Your Weekly Reeder: Baseball in Louisville (a success story)

Jul 11, 2006 at 7:15 pm

Every time I go to a Louisville Bats game in our jewelbox of a riverfront stadium, I’m reminded of what a wonderful success story this has been for our community. We can fight forever about bridges and arenas — and probably will — but baseball is something we’ve done right.

It seems impossible that 25 years have passed since the day Dan Ulmer called me to talk about the possibility of the St. Louis Cardinals’ top farm team moving from Springfield, Ill., to Louisville. I was then sports editor of The C-J, Dan the president of the old Citizens bank.

At the time, difficult as it may be to believe now, Louisville had been without minor-league baseball for a decade, mainly because of Lee Corso. Yes, the same Lee Corso who has used ESPN to become college football’s equivalent of Dick Vitale.

As the University of Louisville’s brash young coach, the silver-tongued Corso used his gift of gab to convince the State Fair Board to install artificial turf at Cardinal Stadium. That didn’t sit well with Bill Gardner, who owned the Louisville Colonels, then the top farm team of the Boston Red Sox.

So Gardner moved his franchise to Pawtucket, R.I., where it still lives. As it turned out, he barely beat Corso out of town. After the 1972 season, Corso bolted U of L for the, ah, greener pastures of Bloomington, Ind., leaving Cardinal football to flounder until Howard Schnellenberger came along to save it in 1984.

As I pointed out repeatedly in The C-J, summers without baseball were pretty dreary. Our local TV sports anchors, bless their little cheerleading hearts, tried to fill the void by referring to Cincinnati’s big-league team, which you may recall was pretty decent in the 1970s, as “our Reds.”

But it didn’t work. We needed our own team. Every time I drove past Cardinal Stadium (and Corso’s turf) in the summer, I got depressed. You see, when I was a kid in the 1950s, I belonged to the “Knot Hole Gang,” an organization of kids that regularly went to Colonels’ games at Parkway Field.

I loved Parkway Field. It was almost as cool as Crosley Field in Cincinnati. (Sometime, remind me to tell you about the time my hero, Harry Agganis, gave me a cracked Louisville Slugger just before he was called up to the Red Sox.) So when Dan Ulmer called, I was ready and willing to do whatever I could to help persuade A. Ray Smith, who owned the Springfield Redbirds, to move his franchise to Louisville.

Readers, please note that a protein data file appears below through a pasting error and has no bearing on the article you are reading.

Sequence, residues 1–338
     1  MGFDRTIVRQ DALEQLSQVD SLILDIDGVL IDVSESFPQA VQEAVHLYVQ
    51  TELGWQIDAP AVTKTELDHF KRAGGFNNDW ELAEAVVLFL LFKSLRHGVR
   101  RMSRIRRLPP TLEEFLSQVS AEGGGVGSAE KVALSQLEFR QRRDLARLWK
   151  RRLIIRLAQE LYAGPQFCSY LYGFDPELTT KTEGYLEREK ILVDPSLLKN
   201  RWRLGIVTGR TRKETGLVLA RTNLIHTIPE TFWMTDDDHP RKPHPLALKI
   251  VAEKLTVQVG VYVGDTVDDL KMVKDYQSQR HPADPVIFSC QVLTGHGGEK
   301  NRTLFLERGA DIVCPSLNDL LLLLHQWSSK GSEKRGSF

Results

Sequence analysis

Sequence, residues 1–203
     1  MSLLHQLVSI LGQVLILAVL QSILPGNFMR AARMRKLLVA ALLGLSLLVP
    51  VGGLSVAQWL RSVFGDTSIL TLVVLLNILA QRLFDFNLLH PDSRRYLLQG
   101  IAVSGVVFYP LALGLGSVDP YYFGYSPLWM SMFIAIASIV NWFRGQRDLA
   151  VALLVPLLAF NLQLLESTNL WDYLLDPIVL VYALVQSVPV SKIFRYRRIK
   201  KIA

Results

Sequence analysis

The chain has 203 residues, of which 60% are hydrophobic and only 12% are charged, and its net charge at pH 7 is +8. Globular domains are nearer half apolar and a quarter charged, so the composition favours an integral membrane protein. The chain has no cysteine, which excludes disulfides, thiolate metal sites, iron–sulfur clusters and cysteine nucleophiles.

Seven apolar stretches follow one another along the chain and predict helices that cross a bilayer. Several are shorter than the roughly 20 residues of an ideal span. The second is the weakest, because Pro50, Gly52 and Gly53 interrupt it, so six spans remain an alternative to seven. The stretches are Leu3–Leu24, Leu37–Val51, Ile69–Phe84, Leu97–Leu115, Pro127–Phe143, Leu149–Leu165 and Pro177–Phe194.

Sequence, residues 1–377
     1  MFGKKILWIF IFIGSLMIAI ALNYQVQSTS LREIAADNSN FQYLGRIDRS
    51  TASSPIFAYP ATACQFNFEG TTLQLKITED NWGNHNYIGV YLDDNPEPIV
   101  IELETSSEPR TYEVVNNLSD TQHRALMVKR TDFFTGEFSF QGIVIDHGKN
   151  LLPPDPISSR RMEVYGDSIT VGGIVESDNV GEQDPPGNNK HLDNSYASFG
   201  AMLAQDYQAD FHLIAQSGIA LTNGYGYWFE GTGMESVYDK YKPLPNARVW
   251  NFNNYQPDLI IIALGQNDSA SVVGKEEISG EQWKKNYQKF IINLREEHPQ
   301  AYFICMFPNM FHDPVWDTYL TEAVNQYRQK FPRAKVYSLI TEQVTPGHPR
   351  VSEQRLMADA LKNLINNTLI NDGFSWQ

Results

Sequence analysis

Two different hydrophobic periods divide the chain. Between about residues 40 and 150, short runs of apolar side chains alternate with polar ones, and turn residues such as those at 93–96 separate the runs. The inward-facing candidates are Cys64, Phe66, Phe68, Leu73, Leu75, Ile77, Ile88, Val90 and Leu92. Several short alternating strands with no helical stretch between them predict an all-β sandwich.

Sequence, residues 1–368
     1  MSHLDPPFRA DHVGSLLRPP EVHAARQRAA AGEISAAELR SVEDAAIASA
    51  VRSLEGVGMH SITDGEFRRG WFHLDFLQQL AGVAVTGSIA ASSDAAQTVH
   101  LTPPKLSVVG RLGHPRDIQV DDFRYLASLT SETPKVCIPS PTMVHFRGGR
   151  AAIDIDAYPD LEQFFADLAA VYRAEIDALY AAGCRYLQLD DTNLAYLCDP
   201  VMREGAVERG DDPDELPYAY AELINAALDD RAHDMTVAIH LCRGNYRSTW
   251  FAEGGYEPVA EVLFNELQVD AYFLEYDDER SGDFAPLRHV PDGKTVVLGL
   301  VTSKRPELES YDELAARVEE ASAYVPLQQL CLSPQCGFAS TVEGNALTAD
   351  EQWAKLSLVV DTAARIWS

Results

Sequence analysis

Smith was one of the most interesting characters I’ve ever known. He was equal parts P.T. Barnum, Col. Tom Parker and Branch Rickey. He was full of himself, not to mention a lot of hot air, and I loved him for it.

Even at the time, I felt a little guilty about what was happening to the baseball fans of Springfield. They felt betrayed by A. Ray, and justifiably so. After all, they had given him a home when his ill-fated move to New Orleans blew up in his face.

I knew it, but I just didn’t care. I wanted Triple-A baseball back in my town, even if it meant screwing the fans in Springfield, so I used my column to crusade for what I thought was in Louisville’s best interests.

It turned out to be one of my most enjoyable experiences in journalism. A. Ray came, A. Ray saw and A. Ray conquered. The long-starved baseball fans of the city went nuts over him and his team. The first year the Redbirds set a minor-league attendance record of 848,648. The next year they became the first minor-league team to go past the million mark.

Now, 25 years later, the Redbirds are the Bats. They belong to the Reds, not the Cardinals. But they’re still providing first-class, affordable, family entertainment. And they’re doing it in a stadium that has done as much to revitalize downtown as it has to create new fans for baseball.

I’ve bought a couple of season tickets for years. For my money, it’s the biggest sports bargain in town. There’s not a bad seat in the house. The hot dogs and fried-baloney sandwiches are exquisite. The ushers are friendly and the restrooms clean.

And the baseball is good. Mark my words, Ray Olmedo will be playing in the big leagues soon. He’s the best fielding shortstop we’ve had in 25 years. I also like some of the young pitchers.

But don’t take my word for it. See you at the park.

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